Aceh (pronounced "ah-chey", various spellings include Acheh, Atjeh and Achin) is a province and special territory (daerah istimewa) of Indonesia, in the northwestern part of the island of Sumatra. It has a population of 4.2 million.
Its major towns include: Banda Aceh (Aceh's capital), Lhokseumawe, Meulaboh, Sigli, and Calang. The island of Sabang (an hour's ferry ride from Banda Aceh), considered a diver's and snorkeler's paradise, belongs to the province.
- 1 Banda Aceh - capital city of the region.
- 2 Lhokseumawe - Industrial city.
- 3 Kutacane - southernmost city, a place where roads meet.
- 4 Takengon - mountainous city by Laut Tawar Lake, famous for its fish.
- 5 Sabang, Weh Island (Pulau Weh) - Blue Lagoon, snorkeling, famous for its fish. The westernmost point of Indonesia and Aceh's favorite beach getaway with some of Indonesia's best diving.
- 6 Singkil
- 1 Banyak Islands
- 2 Lhoknga — surfing within easy striking distance of Banda Aceh. Nearby Lampuuk, is a beach and mountain area with a variety of accommodation and attractions.
- 3 Meulaboh
- 4 Ketambe — The best place to visit Gunung Leuser National Park in the Aceh province. A small, quiet and charming village. However it is an effort to get there.
The province of Aceh is in the northwest of Sumatra, with an area of approximately 57,365 km2, or 12.26% of the size of the island. It includes 119 islands, 73 major rivers and 2 lakes. Aceh is surrounded by the Straits of Malacca in the north, North Sumatra Province in the east and the Indian Ocean in the south and the west. The capital of Aceh is Banda Aceh.
Aceh was long known for its desire for political independence from Indonesia. For many years, travel in this part of Indonesia was restricted by the government, due to a long war between the Indonesian Army and an Acehnese separatist guerrilla force known as the Free Aceh Movement (Gerakan Aceh Merdeka or GAM in short).
On 26 December 2004, the coastal areas were devastated by a huge earthquake triggering a tsunami, which is estimated to have killed over 160,000 people in Aceh, completely devastated coastal infrastructure (including the capital city of Banda Aceh), and made over 500,000 people homeless. However, the devastation in the wake of the tsunami led the Indonesian government and the GAM to declare a ceasefire in order to provide aid to the victims, setting the stage for peace talks to take place.
A peace agreement was signed in Helsinki on 15 August 2005 between the Indonesian government and GAM, in which the GAM agreed to give up their struggle for independence in exchange for more autonomy being given to the provincial government in managing its internal affairs, including the right to enact sharia law. Since then, the Indonesian government, in cooperation with the European Union, has been working with the local militia to disarm the former guerrilla fighters, with great success. After the tsunami, the UN and numerous international aid agencies moved in, in a quest to reconstruct the area.
The largest portion of Leuser National Park is in Aceh Province, and provides habitat for many endangered species, including the Sumatran Tiger and forest Rhinoceros.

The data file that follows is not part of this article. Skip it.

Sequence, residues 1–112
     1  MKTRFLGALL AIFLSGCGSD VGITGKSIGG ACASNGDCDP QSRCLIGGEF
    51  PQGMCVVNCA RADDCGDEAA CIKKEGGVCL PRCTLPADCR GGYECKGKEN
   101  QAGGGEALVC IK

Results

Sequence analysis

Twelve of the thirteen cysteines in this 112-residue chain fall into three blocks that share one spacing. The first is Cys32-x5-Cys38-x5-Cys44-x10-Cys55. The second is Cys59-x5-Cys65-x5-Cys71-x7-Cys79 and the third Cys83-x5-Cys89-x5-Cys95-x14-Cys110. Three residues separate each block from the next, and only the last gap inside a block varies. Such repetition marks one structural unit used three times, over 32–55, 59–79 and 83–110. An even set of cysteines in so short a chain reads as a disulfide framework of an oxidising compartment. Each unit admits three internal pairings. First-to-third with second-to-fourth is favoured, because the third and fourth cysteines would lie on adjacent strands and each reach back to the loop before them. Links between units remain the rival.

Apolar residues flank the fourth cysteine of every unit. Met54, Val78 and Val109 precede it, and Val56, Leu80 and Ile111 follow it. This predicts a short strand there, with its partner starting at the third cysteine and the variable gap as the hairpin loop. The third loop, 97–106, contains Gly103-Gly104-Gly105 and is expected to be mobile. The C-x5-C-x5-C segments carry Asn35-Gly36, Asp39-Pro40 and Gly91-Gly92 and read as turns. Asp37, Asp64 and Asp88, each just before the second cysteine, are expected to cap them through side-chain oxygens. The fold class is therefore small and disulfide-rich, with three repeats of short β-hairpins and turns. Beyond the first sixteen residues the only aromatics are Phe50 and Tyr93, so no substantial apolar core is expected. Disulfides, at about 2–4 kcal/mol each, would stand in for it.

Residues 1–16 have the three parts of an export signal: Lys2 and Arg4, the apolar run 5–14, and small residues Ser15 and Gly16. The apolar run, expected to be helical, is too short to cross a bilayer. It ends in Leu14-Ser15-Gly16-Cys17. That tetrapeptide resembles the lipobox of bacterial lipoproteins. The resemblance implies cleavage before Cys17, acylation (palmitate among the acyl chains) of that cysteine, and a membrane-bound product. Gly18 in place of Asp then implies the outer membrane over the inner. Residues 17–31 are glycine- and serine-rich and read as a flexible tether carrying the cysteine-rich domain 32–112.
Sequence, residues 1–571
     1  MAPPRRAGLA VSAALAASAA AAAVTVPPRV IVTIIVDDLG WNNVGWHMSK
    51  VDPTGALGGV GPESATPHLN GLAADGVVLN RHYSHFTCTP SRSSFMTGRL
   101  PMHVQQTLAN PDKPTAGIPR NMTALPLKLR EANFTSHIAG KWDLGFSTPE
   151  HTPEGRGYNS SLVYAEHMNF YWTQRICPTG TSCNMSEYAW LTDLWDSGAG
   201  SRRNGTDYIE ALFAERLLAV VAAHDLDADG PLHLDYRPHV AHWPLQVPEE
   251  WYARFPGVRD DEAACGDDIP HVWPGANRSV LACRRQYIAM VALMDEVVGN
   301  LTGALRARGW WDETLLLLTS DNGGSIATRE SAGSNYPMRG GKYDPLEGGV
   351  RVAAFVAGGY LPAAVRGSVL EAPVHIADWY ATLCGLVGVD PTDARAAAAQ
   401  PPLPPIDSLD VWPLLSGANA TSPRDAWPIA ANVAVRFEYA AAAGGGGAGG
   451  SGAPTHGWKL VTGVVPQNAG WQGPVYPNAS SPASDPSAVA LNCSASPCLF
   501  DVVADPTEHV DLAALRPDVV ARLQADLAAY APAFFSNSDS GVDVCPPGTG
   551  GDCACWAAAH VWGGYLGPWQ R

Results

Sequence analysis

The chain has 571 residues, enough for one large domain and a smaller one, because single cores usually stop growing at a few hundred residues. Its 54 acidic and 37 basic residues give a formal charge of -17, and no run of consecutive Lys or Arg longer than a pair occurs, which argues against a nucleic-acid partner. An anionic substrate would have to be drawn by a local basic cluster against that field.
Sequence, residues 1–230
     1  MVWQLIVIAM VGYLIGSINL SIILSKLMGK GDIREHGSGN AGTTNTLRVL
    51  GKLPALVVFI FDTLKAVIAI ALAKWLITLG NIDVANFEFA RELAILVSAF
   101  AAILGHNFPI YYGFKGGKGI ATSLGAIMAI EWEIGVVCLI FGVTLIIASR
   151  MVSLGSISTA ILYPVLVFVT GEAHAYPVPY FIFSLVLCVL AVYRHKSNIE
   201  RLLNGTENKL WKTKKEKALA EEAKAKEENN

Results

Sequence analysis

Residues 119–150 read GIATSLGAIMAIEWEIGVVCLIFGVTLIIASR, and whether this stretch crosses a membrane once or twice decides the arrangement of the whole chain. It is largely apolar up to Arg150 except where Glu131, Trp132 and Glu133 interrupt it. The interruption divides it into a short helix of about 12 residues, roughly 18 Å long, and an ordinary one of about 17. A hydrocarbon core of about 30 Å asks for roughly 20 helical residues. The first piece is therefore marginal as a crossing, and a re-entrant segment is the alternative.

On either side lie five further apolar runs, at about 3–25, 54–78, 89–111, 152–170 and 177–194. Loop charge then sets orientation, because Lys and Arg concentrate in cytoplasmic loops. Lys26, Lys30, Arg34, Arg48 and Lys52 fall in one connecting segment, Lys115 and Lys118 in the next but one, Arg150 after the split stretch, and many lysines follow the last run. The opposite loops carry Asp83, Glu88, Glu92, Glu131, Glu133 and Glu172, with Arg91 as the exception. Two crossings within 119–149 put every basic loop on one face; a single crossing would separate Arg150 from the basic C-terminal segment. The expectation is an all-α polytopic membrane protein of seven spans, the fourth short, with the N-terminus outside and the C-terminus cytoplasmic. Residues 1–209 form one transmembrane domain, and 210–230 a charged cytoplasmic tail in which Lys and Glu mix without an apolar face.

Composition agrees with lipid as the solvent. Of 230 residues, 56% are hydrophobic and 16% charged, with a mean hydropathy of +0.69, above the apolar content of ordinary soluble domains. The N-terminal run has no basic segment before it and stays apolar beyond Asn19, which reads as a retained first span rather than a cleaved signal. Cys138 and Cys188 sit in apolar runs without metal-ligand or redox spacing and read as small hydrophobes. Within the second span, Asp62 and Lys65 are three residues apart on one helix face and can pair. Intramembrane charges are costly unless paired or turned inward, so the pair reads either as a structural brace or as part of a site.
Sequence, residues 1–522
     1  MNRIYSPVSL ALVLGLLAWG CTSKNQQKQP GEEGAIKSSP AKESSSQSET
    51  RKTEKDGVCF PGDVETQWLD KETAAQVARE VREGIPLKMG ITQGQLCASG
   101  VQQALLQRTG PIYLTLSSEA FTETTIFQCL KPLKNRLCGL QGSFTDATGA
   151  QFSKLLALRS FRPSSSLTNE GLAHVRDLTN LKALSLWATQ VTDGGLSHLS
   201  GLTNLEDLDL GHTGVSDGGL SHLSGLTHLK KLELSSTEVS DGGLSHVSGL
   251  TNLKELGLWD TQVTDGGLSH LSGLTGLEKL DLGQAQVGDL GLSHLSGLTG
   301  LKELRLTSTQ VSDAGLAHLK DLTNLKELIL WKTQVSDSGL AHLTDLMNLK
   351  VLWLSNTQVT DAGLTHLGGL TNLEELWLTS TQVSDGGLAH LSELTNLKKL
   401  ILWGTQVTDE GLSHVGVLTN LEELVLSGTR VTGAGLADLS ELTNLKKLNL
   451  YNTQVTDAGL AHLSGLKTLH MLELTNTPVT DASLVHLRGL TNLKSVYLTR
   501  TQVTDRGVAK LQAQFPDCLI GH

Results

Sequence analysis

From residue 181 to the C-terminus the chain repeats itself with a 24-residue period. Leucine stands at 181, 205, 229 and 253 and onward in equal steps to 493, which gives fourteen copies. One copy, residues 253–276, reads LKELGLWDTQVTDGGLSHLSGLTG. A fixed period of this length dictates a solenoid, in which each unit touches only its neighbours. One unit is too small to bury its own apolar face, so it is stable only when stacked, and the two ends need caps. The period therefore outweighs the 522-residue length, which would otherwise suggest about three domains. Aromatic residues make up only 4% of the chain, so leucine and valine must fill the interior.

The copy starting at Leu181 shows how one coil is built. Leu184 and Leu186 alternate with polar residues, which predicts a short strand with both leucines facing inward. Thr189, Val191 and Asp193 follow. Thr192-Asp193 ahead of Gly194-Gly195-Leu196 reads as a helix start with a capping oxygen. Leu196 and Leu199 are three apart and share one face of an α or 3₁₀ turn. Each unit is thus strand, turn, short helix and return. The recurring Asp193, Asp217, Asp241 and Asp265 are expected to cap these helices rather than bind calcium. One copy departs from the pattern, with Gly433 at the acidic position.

Aceh's shariah laws are stricter than in any other part of Southeast Asia, including Brunei Darussalam, and even stricter than in Dubai, where non-Muslims are allowed to sunbathe in a bikini on the beach. In 2014, some ulemas spray painted the legs of women who wore tight jeans and trousers, because they felt that the sharia police were ineffective. So far no sharia laws have been enforced upon tourists, and non-Muslims are exempted from having to follow sharia laws, but to avoid unpleasantness for both parties, women should be modest in their clothing and behaviour. Conservative dress is expected, and this means no leggings, semi-stretch jeans, shorts, tight or translucent oblong or t-shirts, but headscarves are not required for non-Muslims. One-piece conservative swimsuits, but not bikinis, are acceptable at some hotel swimming pools.
Although Aceh uses sharia law, some regencies such as Gayo Lues Regency do not fully support this. They are mostly Muslims, but don't want sharia to be implemented too hard. Some other regencies want to separate from Aceh, but the central government has not given any response to their requests. However, visitors should operate on the basis that Aceh is under sharia law, especially in the northern and eastern coastal regencies. On Friday, some vendors totally close or are open until 11:30 and either open again at 14:30 or stay closed until Saturday morning. Fishermen do not go to the sea and people don't swim on the beach on Friday, so if you want to swim on Friday, make sure beforehand that you won't cause offense.
Backpacking into the back country in Aceh is safe from landmines because the GAM used only pipe-bombs. The areas around Banda Aceh and along east coast are relatively ready for tourists, but along the west coast of Aceh, which has more beautiful scenery, there are fewer facilities for tourists. However, backpackers can use their own tents on the beach as they wish.
Bahasa Indonesia is spoken but sometimes you will hear Bahasa Aceh (Acehnese), Bahasa Gayo (Gayonese), and other more minor languages.